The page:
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Buy Some Damn Art(ist) Interview: Marianna Peragallo

May 12th, 2016 · 2 Comments

Marianna Peragallo is a Brazilian-American artist whose show on Buy Some Damn Art includes drawings from two of her simple yet mesmerizing series, Two Women and Braids. Below is an interview with the artist about this work and her approach as an artist.

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1. What is your series Two Women about?

“Two Women” was inspired by a mentor of mine, so I thought of this series as an homage to her. Some of my works have the subtext of female relationships with other women or themselves. This piece documents a series of simple but intimate moments between the two women, like film stills. The two women are performing a ritual symbiotically in the first few drawings. They wash and brush their hair side by side and their hair braids together. Then one woman, presumably a more experienced woman, teaches the other to braid her hair. She is then able to do it on her own, and returns the favor to the woman who taught her. So there is an exchange happening between the women, a transfer of knowledge from one to the other. For BSDA we chose 6 drawings from the full series of 12. The last drawing (Two Women 6/6) shows one woman with her hair braided, which signifies the end of that cycle. The last drawing in the full series shows a woman undoing that braid, and re-starting the cycle.

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2. Can you speak to the fact that the figures in your drawings have hair and arms but no faces?

Originally Two Women was a video, but I realized that having all the other visual context was distracting from the core of the work, which is the gesture of the women’s hands and their hair. When we reflect on memories, we often remember in fragments and specific moments. So the omission of their faces and bodies highlights the essential elements of the story.

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3. What is the appeal for you of drawing, simply working with graphite on paper, in an age of so many other forms of media?

Drawing is so timeless, which makes it the best format for my conceptual interests right now. It’s one of the oldest way of communicating and making art, and it’s also very contemporary. Drawing is also such a tremendous pleasure and challenge for me, which is important. For some reason I used to think that I couldn’t draw, and now it’s such a big part of my practice.

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4. You mention the longevity of drawings in your artist statement. Do you imagine your work will be viewed by people a hundred years from now?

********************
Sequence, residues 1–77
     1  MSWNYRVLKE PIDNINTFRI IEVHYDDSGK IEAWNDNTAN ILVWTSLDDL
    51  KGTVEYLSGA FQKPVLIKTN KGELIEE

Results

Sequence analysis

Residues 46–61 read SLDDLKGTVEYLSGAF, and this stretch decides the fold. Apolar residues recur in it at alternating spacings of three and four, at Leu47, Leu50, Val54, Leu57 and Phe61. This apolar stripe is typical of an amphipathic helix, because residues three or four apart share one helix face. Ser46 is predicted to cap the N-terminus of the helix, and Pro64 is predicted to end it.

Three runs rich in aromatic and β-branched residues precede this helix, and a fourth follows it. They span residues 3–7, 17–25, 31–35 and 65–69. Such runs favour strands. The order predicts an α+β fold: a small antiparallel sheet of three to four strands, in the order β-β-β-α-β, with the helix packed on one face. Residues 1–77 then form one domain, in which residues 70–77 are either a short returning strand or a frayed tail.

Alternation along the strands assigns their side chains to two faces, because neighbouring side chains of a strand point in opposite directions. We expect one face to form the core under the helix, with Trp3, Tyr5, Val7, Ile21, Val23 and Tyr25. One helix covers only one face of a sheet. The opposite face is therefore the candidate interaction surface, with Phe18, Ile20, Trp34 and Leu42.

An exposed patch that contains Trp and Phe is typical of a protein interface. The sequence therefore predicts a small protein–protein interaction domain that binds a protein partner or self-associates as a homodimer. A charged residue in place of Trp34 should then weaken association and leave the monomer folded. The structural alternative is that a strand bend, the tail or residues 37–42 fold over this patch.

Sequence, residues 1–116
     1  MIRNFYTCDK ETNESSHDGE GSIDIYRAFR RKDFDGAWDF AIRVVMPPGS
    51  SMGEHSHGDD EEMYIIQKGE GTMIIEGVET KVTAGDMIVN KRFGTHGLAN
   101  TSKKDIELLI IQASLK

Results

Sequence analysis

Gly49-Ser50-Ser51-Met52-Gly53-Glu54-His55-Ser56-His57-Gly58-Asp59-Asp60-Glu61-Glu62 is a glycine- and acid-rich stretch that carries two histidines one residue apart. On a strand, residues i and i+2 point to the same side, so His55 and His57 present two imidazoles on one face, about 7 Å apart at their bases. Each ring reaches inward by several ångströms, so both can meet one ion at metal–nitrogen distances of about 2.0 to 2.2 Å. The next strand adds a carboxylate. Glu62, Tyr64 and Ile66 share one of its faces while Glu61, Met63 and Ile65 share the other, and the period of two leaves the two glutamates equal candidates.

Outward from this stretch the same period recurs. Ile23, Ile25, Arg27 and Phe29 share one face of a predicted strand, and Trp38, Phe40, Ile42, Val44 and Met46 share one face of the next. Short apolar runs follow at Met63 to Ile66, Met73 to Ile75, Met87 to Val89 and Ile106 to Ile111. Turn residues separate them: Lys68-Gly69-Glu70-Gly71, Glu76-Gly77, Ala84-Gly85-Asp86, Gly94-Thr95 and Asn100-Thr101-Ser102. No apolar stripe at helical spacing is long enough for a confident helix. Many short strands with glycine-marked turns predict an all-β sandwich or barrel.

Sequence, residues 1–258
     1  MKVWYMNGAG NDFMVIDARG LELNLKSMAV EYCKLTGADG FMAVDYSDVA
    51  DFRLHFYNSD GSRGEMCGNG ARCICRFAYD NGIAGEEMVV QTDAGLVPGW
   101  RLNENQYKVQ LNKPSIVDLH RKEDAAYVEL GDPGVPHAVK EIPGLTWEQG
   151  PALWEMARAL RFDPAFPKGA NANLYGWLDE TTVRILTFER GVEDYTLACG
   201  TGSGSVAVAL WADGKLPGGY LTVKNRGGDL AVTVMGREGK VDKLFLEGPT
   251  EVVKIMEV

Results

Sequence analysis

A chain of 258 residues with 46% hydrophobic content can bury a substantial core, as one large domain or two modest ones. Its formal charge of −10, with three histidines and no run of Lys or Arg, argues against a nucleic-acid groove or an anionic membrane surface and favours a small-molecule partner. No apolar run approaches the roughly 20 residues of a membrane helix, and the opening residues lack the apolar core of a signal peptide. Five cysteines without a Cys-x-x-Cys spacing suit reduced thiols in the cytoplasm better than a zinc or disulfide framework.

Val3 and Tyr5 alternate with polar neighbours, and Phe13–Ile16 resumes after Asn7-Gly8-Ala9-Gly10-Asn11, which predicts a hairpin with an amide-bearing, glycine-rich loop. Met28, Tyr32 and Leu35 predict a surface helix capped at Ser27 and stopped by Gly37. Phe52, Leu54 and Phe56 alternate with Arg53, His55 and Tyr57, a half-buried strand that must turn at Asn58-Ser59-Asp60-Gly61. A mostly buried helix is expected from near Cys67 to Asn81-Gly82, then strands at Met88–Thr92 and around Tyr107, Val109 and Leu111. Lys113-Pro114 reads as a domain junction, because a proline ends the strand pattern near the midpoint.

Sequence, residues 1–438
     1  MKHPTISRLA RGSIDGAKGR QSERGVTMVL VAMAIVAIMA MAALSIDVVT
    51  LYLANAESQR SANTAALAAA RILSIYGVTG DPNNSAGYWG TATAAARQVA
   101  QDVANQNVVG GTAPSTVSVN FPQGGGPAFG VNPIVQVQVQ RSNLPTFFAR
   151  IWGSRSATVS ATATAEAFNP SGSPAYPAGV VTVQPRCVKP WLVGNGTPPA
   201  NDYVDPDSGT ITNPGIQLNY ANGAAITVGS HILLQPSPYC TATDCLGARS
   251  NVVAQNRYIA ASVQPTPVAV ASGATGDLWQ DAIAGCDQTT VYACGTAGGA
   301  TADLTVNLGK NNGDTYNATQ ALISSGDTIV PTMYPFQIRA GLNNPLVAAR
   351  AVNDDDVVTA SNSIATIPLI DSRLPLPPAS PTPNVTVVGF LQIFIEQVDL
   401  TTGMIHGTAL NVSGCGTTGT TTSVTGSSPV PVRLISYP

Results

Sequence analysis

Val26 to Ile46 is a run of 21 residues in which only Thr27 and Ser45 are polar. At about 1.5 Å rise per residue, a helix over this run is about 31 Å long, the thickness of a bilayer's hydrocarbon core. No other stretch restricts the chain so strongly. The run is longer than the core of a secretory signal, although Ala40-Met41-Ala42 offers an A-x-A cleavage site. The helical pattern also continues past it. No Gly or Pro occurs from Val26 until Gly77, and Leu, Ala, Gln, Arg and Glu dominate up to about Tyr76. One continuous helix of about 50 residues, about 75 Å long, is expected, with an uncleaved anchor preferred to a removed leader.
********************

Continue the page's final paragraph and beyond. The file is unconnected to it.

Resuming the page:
That would be amazing! I like the idea of my drawings outliving me. But what I meant in my artist statement is that drawings in earthy materials like graphite and charcoal have a unique dual nature because they are erasable and can be smudged, yet those materials are so archival and can withstand hundreds of years. Surely paper can tear or yellow, and the drawing may fade a bit, but carbon based media is very resilient. Cave paintings, drawings, and letters from centuries ago have taught us so much about the world. It is incredible that they survived to tell the stories of their makers. So the longevity of drawing is more interesting to me as a concept because it creates a parallel between drawing and the function of memory. Memory can become faded, colored, or altered but the essence remains and gets passed on through stories.

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5. You are originally from Brazil, lived in Philadelphia and now Brooklyn. Has location and local culture played into your art?

You are correct, I am from Brazil! My family moved around a lot for my dads job once we came to the states so I’ve lived in Virginia, Georgia, Maryland, Mississippi, upstate New York, Philly, and now New York City. I think my work responds to local cultures in subtle ways, but it’s not a focus. Moving frequently certainly informs my interest in memory, time, and the flexible boundaries of past, present, and future, and the mind’s ability to traverse and compress them. I suppose when you move around a lot, there can be a sense of displacement and nostalgia for people and places that are not a part of your present. Ultimately my recent drawings aim to simultaneously solidify a moment and emphasize the transience of time and memory.

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